The Charred Ruins of the Palm Springs’ Playground where Marilyn Monroe was Discovered

Tucked away behind a tarp covered chainlink fence sits the remains of what was once one of the most glamorous spots in all of Palm Springs, The Racquet Club.

Decapitated palm trees jut from concrete in front of a boarded up building.

The motion picture industry changed Palm Springs from a sleepy health resort town to a getaway for Hollywood’s elite by the 1920s. In 1934 actors Charles Farrell and Ralph Bellamy decided to open an exclusive, members only tennis club, simply titled The Racquet Club. Originally the place only had two tennis courts, but soon expanded to have a pool, bungalows, the “Bamboo Room” bar, and even more tennis courts. Overall, the club sprawled over ten acres.

On New Years Eve it was the place to be, where “it was so crowded you could barely move” and it was crowded with movie stars. Basically anyone who was anyone could be found here…Frank Sinatra, Elizabeth Taylor, Clark Gable, Natalie Wood, Kirk Douglas, Errol Flynn, Spenser Tracy, Mary Pickford, Ginger Rogers, Douglass Fairbanks, Marlene Dietrich, Joan Crawford, Bing Crosby, and Judy Garland, just to name a few. Gloria Greer was a child who was lucky enough to have known television legend Ed Sullivan as a close family friend, and upon her first visit, as a guest of Sullivan, whispered to her mother “Is there anyone here who isn’t famous?”

The following decade, a blonde, lounging by the pool was a gal, who up until the a couple years before had been named Norma Jean, but when Johnny Hyde, a William Morris agent spied her, she was Marilyn Monroe. Even though Monroe had had some acting under her belt, she wasn’t the bombshell everyone knows today quite yet. Hyde got Monroe her role in Asphalt Jungle, which was her real big breakthrough, and by 1950 Hyde scored her a seven year contract with 20th Century-Fox.

Meanwhile Farrell had moved to politics, becoming Palm Springs’ mayor from 1947 to 1955, and in 1959 sold the Racquet Club, and in the following decades it had a rotating door of owners. It shuttered, and reopened, and shuttered again for the last time in 2003. But even after its closure, the property continued to have a variety of owners. Then on July 23, 2014, a fire ripped through the once glitzy movie star retreat, gutting buildings and setting fire to palm trees. Ultimately the heavily damaged buildings were torn down, leaving a handful of buildings, cracked concrete with weeds poking through, and decapitated palm trees.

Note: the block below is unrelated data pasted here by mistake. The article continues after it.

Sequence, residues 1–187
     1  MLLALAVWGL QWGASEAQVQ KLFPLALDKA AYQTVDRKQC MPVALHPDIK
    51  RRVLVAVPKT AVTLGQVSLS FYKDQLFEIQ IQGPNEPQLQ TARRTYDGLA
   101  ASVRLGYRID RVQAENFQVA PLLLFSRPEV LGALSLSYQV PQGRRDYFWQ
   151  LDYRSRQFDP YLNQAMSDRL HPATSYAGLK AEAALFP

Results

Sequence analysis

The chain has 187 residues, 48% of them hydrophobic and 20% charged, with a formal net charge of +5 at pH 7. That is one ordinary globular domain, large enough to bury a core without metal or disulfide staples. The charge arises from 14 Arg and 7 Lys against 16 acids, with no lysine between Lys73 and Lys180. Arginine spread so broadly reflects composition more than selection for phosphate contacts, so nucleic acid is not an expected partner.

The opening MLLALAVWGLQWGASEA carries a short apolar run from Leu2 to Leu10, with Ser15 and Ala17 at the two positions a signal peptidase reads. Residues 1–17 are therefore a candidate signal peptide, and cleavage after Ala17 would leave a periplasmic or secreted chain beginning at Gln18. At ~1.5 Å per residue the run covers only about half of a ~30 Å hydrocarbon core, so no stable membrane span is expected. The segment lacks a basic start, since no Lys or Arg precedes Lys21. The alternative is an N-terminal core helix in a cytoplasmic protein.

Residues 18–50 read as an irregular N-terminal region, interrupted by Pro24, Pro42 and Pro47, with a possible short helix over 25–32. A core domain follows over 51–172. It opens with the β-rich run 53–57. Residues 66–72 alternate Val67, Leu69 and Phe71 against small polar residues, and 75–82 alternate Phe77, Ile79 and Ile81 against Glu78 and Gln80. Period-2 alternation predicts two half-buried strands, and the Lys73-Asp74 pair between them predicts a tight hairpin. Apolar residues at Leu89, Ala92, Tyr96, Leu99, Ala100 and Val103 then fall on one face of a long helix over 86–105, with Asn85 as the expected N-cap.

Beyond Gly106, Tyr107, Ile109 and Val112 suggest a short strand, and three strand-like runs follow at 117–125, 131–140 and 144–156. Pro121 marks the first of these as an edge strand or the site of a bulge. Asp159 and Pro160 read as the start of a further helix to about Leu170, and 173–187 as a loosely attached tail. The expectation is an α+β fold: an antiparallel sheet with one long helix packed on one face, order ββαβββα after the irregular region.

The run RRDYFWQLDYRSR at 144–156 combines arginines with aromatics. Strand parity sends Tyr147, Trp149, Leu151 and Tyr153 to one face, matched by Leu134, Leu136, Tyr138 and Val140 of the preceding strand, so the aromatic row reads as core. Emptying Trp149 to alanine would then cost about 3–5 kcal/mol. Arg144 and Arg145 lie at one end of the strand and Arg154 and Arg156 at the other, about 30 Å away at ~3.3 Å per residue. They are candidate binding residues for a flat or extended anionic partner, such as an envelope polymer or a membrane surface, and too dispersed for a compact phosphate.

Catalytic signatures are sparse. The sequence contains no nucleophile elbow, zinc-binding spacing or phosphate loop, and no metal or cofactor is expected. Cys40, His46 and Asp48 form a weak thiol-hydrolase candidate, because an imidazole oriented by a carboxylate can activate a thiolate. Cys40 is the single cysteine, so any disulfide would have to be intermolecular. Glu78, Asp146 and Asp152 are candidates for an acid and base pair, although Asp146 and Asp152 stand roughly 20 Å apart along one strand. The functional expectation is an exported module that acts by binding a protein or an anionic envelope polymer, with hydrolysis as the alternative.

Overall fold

Patches of concrete are scattered with overgrown grass peeking up through the cracks. A building with signs of fire damage stands to the left.

A boarded up one story green and white building sits among patches of concrete with overgrown vegetation.

A single story bungalow is boarded up with graffiti on the side. Tall grass grows in front.

A boarded up one story green and white building sits among patches of concrete with overgrown vegetation.

A roadrunner peeks from behind a bush.

Tall palm trees stand in front of a shuttered green and white building.

A boarded up one story green and white building sits among patches of concrete with overgrown vegetation.

Three single story bungalows sit among overgrown grass. Each are boarded up, some have been vandalized with graffiti.

Close-up of a battered little cupola.

A boarded up one story green and white building sits among patches of concrete with overgrown vegetation.

Small green flags, tattered from years of fluttering in the wind cling to the shambling roof of a green and white single story building. Wildflowers and weeds cover portions of the land in front.

An mid-century modern bungalow with curved corners has boarded up windows. Tall grass lines the front.

A decapitated palm tree juts from concrete in front of a boarded up building.

Despite the fire, the Palm Springs Historic Site Preservation Board voted in October of 2017 to make the Racquet Club a Class 1 historic site, although the current owners’ objects, as any desired modifications would have to be cleared by the city. But as to the current state of things…during my visit the property sported a for-sale sign, however an “in escrow” sticker was slapped on it, and I can’t find any recent articles. So, the fate still appears unknown. In the meantime just roadrunners, butterflies and tumble weeds run and fly about the once star-studded retreat.

The fenced off remains of the Racquet Club can be found at 2799 N Indian Canyon Drive in Palm Springs. Please note that the Racquet Club does have a chainlink fence around the entire property. I took these photos either by holding my camera above the fence, or by shooting through gaps in the fence. At no point in time did I climb over or through the fence.

Sources
DiPierro, Amy. “Racquet Club owner doesn’t want Palm Springs to make ex-Hollywood hangout a historic site.” Desert Sun 2 November 2017. Web. Accessed 10 March 2019.
Gostar, Reza. “Fire destroys Palm Springs’ historic Racquet Club hotel.” USA Today 24 July 2014. Web. Accessed 10 March 2019.
Greer, Gloria. “Creating a Racquet (Club).” Palm Springs Life 18 December 2012. Web. Accessed 10 March 2019.
Mai-Duc, Christine. “Fire destroys part of historic Racquet Club in Palm Springs.” LA Times 25 July 2014. Web. Accessed 9 March 2019.
TDS. “Historic Racquet Club hotel destroyed in Fire.” USA Today 24 July 2014. Web. Accessed 10 March 2019.

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